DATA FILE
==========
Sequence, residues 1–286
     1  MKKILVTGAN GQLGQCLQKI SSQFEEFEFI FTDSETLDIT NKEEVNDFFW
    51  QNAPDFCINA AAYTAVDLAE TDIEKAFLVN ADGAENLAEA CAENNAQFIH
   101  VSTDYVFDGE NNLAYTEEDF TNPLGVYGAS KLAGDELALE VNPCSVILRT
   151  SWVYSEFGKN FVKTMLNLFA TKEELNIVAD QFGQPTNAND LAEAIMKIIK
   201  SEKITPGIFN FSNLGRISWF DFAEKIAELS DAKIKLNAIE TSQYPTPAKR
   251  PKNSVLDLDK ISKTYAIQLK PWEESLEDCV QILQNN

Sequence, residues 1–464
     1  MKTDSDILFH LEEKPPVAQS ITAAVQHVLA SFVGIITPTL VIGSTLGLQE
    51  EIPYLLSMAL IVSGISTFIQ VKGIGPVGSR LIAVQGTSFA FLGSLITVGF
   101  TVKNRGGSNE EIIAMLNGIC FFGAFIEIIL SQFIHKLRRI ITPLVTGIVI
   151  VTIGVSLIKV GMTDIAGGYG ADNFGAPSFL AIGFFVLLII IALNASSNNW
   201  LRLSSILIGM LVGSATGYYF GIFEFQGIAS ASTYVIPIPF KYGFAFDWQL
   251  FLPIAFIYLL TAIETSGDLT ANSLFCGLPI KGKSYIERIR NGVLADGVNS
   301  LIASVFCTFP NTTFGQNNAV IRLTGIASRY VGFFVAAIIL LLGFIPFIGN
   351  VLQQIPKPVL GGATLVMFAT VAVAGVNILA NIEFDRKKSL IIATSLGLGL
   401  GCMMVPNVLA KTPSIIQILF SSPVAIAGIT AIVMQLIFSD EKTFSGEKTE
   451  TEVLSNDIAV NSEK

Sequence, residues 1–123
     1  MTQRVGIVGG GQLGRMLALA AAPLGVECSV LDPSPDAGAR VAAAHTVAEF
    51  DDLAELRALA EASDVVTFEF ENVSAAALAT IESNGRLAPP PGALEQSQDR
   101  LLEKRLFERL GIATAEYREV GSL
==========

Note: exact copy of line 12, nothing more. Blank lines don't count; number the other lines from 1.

   151  VTIGVSLIKV GMTDIAGGYG ADNFGAPSFL AIGFFVLLII IALNASSNNW